The Court of Protection deals with matters for people who cannot make decisions for themselves
It regularly happens that a person loses capacity to make decisions for themselves without having previously made a Lasting Power of Attorney. If they made a valid Enduring Power of Attorney (EPA) prior to October 2007 this can be used as authority to act on their behalf but the EPA will need to be registered with the Office of The Public Guardian.
If a person has lost the ability to make their own decisions and there is no Lasting Power of Attorney or Enduring Power of Attorney already in place it is then too late for the situation to be rectified by means of a Lasting Power of Attorney. This is because in order to make a Lasting Power of Attorney the person making it must have a full understanding of the nature and effect of the document they are creating. In this situation, if you need authority to act on behalf of someone else, usually a close relative, then the only body that can grant this authority is the Court.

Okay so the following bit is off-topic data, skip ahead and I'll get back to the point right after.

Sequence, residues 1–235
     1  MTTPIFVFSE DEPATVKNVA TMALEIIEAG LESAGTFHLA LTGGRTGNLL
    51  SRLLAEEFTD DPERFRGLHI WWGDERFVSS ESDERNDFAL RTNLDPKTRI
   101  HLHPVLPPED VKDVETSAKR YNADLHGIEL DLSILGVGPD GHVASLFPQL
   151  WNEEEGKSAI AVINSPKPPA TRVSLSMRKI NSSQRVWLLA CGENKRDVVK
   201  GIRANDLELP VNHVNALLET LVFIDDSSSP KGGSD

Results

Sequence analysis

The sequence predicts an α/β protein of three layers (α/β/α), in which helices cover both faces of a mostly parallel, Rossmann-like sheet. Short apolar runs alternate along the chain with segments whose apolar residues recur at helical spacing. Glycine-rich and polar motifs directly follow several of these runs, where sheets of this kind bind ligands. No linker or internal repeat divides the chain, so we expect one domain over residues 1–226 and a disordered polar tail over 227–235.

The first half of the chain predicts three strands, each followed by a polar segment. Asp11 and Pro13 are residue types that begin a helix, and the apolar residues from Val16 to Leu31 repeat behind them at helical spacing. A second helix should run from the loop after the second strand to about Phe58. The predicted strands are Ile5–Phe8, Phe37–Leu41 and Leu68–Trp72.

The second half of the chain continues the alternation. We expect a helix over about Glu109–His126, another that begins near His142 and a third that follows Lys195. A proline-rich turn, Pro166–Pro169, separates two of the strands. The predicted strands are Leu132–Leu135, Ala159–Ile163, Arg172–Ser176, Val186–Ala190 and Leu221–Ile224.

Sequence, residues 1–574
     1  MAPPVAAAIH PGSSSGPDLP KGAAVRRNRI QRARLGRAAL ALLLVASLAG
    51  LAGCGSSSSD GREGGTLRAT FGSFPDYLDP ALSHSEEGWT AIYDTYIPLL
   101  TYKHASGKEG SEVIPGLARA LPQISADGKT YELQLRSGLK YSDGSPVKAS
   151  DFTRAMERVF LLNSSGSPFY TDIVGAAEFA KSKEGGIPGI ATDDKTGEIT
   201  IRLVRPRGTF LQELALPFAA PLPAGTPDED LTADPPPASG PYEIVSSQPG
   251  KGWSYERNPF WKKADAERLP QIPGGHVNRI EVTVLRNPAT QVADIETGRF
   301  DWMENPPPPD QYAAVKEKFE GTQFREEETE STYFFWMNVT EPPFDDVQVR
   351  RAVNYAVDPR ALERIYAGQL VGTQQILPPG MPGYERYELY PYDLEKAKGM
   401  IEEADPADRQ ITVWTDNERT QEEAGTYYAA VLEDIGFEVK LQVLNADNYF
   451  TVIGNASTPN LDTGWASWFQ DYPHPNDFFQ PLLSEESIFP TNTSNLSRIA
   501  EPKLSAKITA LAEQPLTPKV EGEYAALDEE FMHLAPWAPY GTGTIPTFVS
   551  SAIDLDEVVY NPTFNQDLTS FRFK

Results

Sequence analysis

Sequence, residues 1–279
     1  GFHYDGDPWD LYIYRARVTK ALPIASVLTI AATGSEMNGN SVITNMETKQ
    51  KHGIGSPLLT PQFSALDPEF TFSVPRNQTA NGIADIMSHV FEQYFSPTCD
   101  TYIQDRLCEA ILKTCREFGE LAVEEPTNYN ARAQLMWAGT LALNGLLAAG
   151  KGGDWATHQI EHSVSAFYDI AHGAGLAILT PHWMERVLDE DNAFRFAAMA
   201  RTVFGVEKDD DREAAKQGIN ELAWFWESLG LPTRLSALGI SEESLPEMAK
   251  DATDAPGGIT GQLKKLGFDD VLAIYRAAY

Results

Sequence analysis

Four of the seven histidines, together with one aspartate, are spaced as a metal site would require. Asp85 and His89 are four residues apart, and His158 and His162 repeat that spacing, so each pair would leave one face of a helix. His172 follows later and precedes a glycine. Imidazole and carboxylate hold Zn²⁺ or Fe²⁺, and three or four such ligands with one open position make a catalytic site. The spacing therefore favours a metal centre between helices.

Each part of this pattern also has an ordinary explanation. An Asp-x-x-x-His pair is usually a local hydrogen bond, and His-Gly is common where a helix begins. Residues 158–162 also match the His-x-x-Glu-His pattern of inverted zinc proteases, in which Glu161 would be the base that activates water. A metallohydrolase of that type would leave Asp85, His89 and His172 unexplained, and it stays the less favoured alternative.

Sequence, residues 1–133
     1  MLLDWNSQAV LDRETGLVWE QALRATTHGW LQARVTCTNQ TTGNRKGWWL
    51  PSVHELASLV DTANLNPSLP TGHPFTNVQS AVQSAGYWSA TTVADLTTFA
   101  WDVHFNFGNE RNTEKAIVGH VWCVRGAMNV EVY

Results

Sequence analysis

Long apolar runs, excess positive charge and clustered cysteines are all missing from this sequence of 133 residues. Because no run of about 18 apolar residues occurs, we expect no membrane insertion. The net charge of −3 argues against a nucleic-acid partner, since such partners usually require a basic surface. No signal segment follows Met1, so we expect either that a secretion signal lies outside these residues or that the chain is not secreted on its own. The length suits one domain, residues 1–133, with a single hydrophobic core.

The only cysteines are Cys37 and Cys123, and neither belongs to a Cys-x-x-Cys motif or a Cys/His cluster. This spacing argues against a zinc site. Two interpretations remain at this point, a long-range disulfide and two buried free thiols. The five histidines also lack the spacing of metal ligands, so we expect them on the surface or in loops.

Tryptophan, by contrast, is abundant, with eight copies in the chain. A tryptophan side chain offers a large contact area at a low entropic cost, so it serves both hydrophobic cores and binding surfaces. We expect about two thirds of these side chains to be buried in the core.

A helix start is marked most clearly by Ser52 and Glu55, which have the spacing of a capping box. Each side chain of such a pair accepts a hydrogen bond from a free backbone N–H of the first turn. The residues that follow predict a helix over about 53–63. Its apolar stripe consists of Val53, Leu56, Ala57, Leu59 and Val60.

The particular section of the Court which deals with this type of matter is the Court of Protection and it has the power in appropriate circumstances to appoint a person to act as Deputy. The Deputy can then make decisions on behalf of the person who is unable to make their own.
You can apply to the Court of Protection to be appointed as Deputy in respect of person’s financial matters or their welfare or both. In either case we are able to deal with the application for you.